• Impotence (erectile dysfunction) in men.
  • Dizziness or fainting.
  • Constipation or diarrhea.
  • Blurred vision.
  • Heat intolerance or decreased ability to sweat.
  • Hypoglycemia unawareness: Low blood sugar levels (hypoglycemia) are associated with trembling, sweating, and palpitations. In people with autonomic neuropathy, these characteristic symptoms may not occur, making dangerously low blood sugar levels difficult to recognize.

Causes

Nerve damage may be caused by a number of different diseases, injuries, infections, and even vitamin deficiency states.

  • Diabetes: Diabetes is the condition most commonly associated with neuropathy. The characteristic symptoms of peripheral neuropathy often seen in people with diabetes are sometimes referred to as diabetic neuropathy. The risk of having diabetic neuropathy rises with age and duration of diabetes. Neuropathy is most common in people who have had diabetes for decades and is generally more severe in those who have had difficulty controlling their diabetes, or those who are overweightor have elevated blood lipids and high blood pressure.
  • Vitamin deficiencies: Deficiencies of thevitamins B12 and folate as well as other B vitamins can cause damage to the nerves.
  • Autoimmune neuropathy: Autoimmune diseases such as rheumatoid arthritis, systemic lupus, and Guillain-Barre syndrome can cause neuropathies.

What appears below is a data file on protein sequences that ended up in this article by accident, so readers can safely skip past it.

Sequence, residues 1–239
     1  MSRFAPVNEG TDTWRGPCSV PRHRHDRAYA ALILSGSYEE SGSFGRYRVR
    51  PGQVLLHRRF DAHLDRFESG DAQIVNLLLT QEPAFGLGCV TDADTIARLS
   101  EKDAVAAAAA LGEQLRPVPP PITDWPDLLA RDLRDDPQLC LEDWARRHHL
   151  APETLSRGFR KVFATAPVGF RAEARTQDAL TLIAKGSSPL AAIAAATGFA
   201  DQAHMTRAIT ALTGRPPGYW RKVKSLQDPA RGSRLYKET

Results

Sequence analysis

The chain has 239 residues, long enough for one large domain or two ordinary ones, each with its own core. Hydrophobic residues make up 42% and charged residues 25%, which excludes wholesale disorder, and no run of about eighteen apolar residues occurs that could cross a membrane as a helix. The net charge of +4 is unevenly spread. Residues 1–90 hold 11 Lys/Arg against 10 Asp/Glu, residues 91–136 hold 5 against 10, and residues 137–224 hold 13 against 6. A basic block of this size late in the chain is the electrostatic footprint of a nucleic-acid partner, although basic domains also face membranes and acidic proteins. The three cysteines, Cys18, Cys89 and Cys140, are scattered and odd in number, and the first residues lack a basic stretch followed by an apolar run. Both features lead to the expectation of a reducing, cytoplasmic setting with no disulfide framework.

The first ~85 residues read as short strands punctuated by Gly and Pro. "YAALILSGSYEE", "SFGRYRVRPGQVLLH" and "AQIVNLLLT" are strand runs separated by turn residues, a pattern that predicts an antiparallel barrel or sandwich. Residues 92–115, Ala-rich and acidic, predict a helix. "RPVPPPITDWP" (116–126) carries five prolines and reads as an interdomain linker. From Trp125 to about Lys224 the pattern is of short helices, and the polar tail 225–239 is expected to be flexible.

• Infection: Some infections, including HIV/AIDS, Lyme disease, leprosy, and syphilis, can damage nerves.
  • Post-herpetic neuralgia: Post-herpetic neuralgia, a complication of shingles (varicella-zoster virus infection) is a form of neuropathy.
  • Alcoholic neuropathy: Alcoholism is often associated with peripheral neuropathy. Although the exact reasons for the nerve damage are unclear, it probably arises from a combination of damage to the nerves by alcohol itself along with the poor nutrition and associated vitamin deficiencies that are common in alcoholics.
  • Genetic or inherited disorders: Genetic or inherited disorders can affect the nerves and are responsible for some cases of neuropathy. Examples include Friedreich's ataxia and Charcot-Marie-Tooth disease.
  • Amyloidosis: Amyloidosis is a condition in which abnormal protein fibers are deposited in tissues and organs. These protein deposits can lead to varying degrees of organ damage and may be a cause of neuropathy.
  • Uremia: Uremia (a high concentration of waste products in the blood due tokidney failure) can lead to neuropathy.
  • Toxins and poisons can damage nerves: Examples include, gold compounds, lead, arsenic, mercury, some industrial solvents, nitrous oxide, and organophosphate pesticides.
  • Drugs or medication: Certain drugs and medications can cause nerve damage. Examples include cancer therapy drugs such as vincristine (Oncovin, Vincasar), and antibiotics such as metronidazole (Flagyl), and isoniazid (Nydrazid, Laniazid). 
  • Trauma/Injury: Trauma or injury to nerves, including prolonged pressure on a nerve or group of nerves, is a common cause of neuropathy. Decreased blood flow (ischemia) to the nerves can also lead to long-term damage.
  • Tumors: Benign or malignant tumors of the nerves or nearby structures may damage the nerves directly, by invading the nerves, or cause neuropathy due to pressure on the nerves.
  • Idiopathic: Idiopathic neuropathy is neuropathy for which no cause has been established. The term idiopathic is used in medicine to denote the fact that no cause is known.

Treatment